Could use a stronger micro 4/3rds body

Discussion in 'Digital Cameras' started by RichA, Nov 20, 2011.

  1. RichA

    RichA Guest

    All the m4/3rds bodies now are plastic. Some are "skinnned" in sheet
    aluminum, but structurally, they are plastic. Even if you support
    larger lenses by the lens, there comes a time when you'll want the
    camera to support them, at least for a short time. Plastic does work
    better when the body panels are small than if they are large (less
    flexture), and small bodies are a 4/3rds characteristic, but for
    larger lenses, it would be good to have a metal body. Sony has done
    it with the NEX, so the m4/3rds people should be able to as well.
     
    RichA, Nov 20, 2011
    #1
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  2. RichA

    Bruce Guest


    Why? Even with APS-C and full frame DSLRs, it makes sense to support
    larger lenses and clip the camera body onto the bayonet at the back.
    If using heavy lenses, the same would make sense with micro 4/3rds.


    No point. See above.


    The NEX-3 and C3 are plastic. The NEX-5 and 5N are plastic with a
    metal skin. I don't know about the NEX-7, but I guess that it follows
    the same construction as the NEX-5 and 5N.


    No point. See above.
     
    Bruce, Nov 20, 2011
    #2
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  3. RichA

    Rich Guest

    Didn't quite get your point about bayonetting. Attaching the lens??
    Most people when carrying cameras let them hang, by the body, from a
    strap. This is not advisible with even moderately heavy lenses and a
    m4/3rd body.


    The Sony NEX-5/n are magnesium alloy. Not a skin of aluminum. I don't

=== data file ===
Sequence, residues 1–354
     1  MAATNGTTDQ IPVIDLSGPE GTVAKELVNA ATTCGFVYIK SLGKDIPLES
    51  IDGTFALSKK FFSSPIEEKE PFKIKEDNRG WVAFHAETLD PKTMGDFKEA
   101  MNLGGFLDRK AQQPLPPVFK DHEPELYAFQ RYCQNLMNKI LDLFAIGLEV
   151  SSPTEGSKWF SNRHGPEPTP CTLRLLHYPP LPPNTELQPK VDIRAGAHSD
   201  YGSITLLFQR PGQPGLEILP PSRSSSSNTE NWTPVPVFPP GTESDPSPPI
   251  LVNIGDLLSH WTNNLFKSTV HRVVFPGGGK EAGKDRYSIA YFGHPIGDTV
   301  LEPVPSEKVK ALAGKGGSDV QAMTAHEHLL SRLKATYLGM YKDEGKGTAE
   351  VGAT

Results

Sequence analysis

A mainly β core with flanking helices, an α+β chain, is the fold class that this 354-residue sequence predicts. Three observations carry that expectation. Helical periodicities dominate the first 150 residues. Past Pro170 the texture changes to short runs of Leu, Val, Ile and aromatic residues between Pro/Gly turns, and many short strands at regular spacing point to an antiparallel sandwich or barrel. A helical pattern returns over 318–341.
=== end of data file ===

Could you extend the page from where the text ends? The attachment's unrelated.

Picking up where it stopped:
know if the entire body is magnesium, or only some of it. But it's the
    reason they were able to make the NEX 5 smaller than the 3, because the
    3's body is all plastic.


    http://www.dpreview.com/reviews/SonyNex5Nex3/page2.asp
     
    Rich, Nov 21, 2011
    #3
  4. RichA

    Eric Stevens Guest

    If the metal skin is bonded to the plastic, the two materials work
    together. The metal is much more rigid than the plastic and will
    therefore carry the majority of any applied load. This means that in
    normal use the user is handling a camera substantially as rigid as if
    it were metal. This only changes when the metal delaminates from the
    plastic, usually from being subject to excessive force.

    Regards,

    Eric Stevens
     
    Eric Stevens, Nov 21, 2011
    #4
  5. RichA

    Bruce Guest


    That's because most people use lightweight lenses, such as the Olympus
    M.Zuiko 40-200mm and the Panasonic 45-200mm. Even the Panasonic
    100-300mm is a fairly light lens. That's just one benefit of plastic.


    It's fine with the lenses stated above, which are probably the longest
    lenses used by 99% of m4/3 users. Anything longer, or heavier, and
    you should support the lens, not the camera.